Where David Olusoga Goes Wrong Over Slavery And The Violence Of Empire

If you want someone to call you a traitor or accuse you of hating Britain, try suggesting that Britain is a normal nation or that our history is remarkable but not exceptional. If you’re feeling really thick-skinned, you could also mention slavery or the violence of empire. You could point out that other nations, the Dutch for example, have managed to come to terms with the fact that their golden age kind of petered out.

On that slavery thing. We were the first dominant society on the planet not to have slavery. Sure, the Danes pipped us to the squeak in abolishing the trade but before the steam engine slavery was a commonplace of every society, the strong enslaving the weak. The conjunction between the words slave and Slav tell us a certain amount, no? That Dublin did it’s time as Northern Europe’s largest slave market, the origins of the Mamluks – ringing any bells for an historian there David?

The violence of Empire? Every society that has had the technological capability has conquered its neighbours and then some. Alexander wasn’t doing a cultural tour of the Middle East now, was he? The Dutch East Indies Company was rather more vicious that the British version over nutmeg and mace.

And overseas empires petering out. St Maarten is a non-disappearing remnant just as Anguilla is, no?

That is, we can say that our history is remarkable but not exceptional – OK then, let’s stop beating ourselves around the head over it. Or, we can say that we were indeed uniquely evil, oppressive and all that – which means that the history was exceptional.

What the British history cannot be is both pretty normal and also something that we must uniquely be so ashamed of.

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Quentin VoleLeo SavantttamimisledusQ46 Recent comment authors
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Leo Savantt
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Leo Savantt

Britain was exceptional in, for no pecuniary reward, expending vast sums and many lives combating maritime slave trading.

Britain was exceptional in freeing millions of slaves on the sub-continent of India.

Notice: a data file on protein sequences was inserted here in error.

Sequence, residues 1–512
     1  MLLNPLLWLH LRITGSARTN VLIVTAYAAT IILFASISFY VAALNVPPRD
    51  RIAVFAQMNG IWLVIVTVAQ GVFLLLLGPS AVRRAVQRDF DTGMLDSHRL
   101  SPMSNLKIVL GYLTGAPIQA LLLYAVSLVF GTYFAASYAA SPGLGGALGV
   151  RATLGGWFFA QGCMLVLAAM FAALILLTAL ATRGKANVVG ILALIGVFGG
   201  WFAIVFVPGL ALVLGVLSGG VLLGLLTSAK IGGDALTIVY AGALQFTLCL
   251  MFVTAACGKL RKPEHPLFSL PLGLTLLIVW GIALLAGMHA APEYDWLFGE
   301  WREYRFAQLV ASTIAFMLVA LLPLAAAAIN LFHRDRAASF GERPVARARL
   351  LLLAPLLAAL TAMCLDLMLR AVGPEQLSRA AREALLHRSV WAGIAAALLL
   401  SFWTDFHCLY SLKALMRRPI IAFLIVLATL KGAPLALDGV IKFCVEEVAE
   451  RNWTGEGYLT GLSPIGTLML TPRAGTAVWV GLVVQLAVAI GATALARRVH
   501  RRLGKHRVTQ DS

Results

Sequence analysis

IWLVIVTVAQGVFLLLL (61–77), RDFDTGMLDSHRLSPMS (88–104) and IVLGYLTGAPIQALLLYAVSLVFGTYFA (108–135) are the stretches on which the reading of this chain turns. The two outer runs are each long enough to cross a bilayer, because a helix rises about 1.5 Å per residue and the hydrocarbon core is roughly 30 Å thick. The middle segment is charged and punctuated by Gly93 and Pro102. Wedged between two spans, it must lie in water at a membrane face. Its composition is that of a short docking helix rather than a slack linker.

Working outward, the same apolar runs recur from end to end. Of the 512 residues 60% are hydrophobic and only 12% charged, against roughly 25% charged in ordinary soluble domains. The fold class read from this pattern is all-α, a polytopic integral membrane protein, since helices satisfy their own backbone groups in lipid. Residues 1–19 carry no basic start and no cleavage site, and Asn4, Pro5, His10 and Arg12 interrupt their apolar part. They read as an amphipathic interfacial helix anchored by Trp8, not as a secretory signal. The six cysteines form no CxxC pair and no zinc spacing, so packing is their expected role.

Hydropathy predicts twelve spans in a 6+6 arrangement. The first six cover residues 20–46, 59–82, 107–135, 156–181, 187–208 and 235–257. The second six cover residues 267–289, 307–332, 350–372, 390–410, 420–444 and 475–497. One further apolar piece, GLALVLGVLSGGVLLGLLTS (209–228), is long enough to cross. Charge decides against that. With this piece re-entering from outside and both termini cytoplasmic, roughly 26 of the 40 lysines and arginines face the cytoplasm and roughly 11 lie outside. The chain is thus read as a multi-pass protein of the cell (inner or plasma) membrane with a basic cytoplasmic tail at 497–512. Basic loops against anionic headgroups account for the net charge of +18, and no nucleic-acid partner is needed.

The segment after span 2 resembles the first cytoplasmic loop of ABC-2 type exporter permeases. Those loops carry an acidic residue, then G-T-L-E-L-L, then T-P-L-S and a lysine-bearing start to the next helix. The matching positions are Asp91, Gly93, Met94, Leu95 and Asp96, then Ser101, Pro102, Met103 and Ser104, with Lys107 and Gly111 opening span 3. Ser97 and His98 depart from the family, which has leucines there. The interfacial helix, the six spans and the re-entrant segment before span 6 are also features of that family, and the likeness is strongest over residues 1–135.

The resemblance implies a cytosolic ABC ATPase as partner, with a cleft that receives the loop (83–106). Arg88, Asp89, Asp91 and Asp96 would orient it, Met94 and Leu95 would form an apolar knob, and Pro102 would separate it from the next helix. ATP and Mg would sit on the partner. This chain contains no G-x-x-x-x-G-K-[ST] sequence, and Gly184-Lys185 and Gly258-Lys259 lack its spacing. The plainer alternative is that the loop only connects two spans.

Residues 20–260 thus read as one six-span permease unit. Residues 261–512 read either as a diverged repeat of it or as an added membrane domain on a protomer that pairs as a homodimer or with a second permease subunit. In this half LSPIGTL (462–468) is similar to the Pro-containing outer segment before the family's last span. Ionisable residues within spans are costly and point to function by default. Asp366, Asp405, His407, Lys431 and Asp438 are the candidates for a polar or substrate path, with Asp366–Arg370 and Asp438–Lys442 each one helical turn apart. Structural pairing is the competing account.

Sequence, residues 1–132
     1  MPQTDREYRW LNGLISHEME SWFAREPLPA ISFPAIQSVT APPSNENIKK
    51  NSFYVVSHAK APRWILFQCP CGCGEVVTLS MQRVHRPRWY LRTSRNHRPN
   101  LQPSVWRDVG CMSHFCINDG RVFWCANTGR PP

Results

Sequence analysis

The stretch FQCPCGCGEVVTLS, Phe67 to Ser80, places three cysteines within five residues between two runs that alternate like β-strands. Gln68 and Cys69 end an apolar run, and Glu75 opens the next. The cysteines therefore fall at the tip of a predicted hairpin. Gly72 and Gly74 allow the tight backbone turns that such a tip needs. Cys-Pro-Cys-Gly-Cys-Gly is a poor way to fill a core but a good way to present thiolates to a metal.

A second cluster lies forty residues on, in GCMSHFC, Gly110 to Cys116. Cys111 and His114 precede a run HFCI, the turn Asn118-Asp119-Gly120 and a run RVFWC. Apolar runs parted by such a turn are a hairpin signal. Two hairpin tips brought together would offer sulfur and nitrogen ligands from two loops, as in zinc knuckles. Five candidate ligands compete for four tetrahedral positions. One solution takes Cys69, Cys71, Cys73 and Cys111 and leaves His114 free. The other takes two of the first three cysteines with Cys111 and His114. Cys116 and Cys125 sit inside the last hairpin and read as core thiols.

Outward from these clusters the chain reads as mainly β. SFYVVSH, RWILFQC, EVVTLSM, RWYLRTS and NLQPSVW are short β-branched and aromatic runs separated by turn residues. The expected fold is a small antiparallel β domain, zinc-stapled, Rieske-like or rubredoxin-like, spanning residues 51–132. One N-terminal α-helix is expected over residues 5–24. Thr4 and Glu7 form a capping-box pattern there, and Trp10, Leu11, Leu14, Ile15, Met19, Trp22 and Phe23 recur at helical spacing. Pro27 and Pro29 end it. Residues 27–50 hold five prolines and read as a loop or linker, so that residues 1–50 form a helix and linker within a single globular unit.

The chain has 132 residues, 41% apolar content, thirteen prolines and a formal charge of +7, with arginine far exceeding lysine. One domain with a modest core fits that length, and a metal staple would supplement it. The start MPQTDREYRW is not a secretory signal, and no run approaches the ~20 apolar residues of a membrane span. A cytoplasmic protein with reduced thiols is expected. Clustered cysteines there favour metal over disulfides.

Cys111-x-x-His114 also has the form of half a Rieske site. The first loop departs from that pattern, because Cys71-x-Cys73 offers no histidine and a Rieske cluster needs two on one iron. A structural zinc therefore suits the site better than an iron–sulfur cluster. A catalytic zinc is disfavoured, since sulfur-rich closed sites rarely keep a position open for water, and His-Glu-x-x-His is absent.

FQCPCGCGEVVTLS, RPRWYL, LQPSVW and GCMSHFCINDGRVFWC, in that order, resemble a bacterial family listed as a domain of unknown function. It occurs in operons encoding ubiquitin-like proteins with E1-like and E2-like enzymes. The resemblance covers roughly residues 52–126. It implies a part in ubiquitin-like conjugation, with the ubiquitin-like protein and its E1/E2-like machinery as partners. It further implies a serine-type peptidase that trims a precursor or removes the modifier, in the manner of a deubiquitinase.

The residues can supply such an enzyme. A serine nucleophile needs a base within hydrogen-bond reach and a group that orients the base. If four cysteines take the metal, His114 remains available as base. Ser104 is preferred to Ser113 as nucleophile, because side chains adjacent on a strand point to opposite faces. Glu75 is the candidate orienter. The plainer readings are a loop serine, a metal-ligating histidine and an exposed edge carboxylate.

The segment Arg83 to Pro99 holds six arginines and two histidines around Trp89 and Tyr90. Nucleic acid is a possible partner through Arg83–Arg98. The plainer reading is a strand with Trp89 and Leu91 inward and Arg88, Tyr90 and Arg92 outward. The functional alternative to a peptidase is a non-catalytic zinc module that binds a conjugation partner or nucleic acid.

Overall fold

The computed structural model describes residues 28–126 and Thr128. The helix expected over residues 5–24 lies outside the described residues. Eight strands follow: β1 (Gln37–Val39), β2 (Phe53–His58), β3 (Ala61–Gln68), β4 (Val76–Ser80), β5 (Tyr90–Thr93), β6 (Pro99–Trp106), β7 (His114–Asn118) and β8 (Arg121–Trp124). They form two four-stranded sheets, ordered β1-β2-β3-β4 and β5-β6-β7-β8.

Britain was exceptional in closing Tanzanian slave trading through Zanzibar.

Of course Britain’s efforts were only partially successful, 100 years after her campaign against servitude communists and national socialists were still enslaving millions, but Britain also played a part in ending that.

Rather than being berated the British should be celebrated for this morally unimpeachable contribution.

Bravo Britain, you led the world out of darkness and towards the light.

tamimisledus
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tamimisledus

Hundreds of years of British exceptionalism, and slavery is still sanctioned by _allah_ of islam as worshipped by so many descendants of slaves.

Quentin Vole
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Quentin Vole

Lady Wyndham (Ursula Jeans): It’s easy for you to mock us. We’re used to that. Half the world mocks us – and half the world is only civilised because we have made it so.
North West Frontier (1959)

Leo Savantt
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Leo Savantt

When the British film industry had real cinematic vision, before slipping into the mawkish sentimentality of Four Weddings and a Funeral. I remember the film vividly for two reasons, firstly enjoying seeing it as a boy . Secondly for, after return from a deliciously cool visit to Badrinath Temple high on the Himalayan Indo-Chinese border, my wife an I took an extremely hot train journey, just days before the summer monsoon, from Lucknow to Varanasi. We rumbled over the impossible dusty plains in a non-air conditioned and ill-described 1st class compartment. Grinding to a halt in the middle of nowhere… Read more »

Quentin Vole
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Quentin Vole

Nice story, Leo! I had a ride in an Indian “1st class” carriage in the 80s, but only from Agra to Gwalior, so I know a little whereof you speak.

Q46
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Q46

He is not a student of history it is clear.

Quentin Vole
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Quentin Vole

The Danes ‘abolishing’ slavery is an early example of Scandinavian virtue-signalling.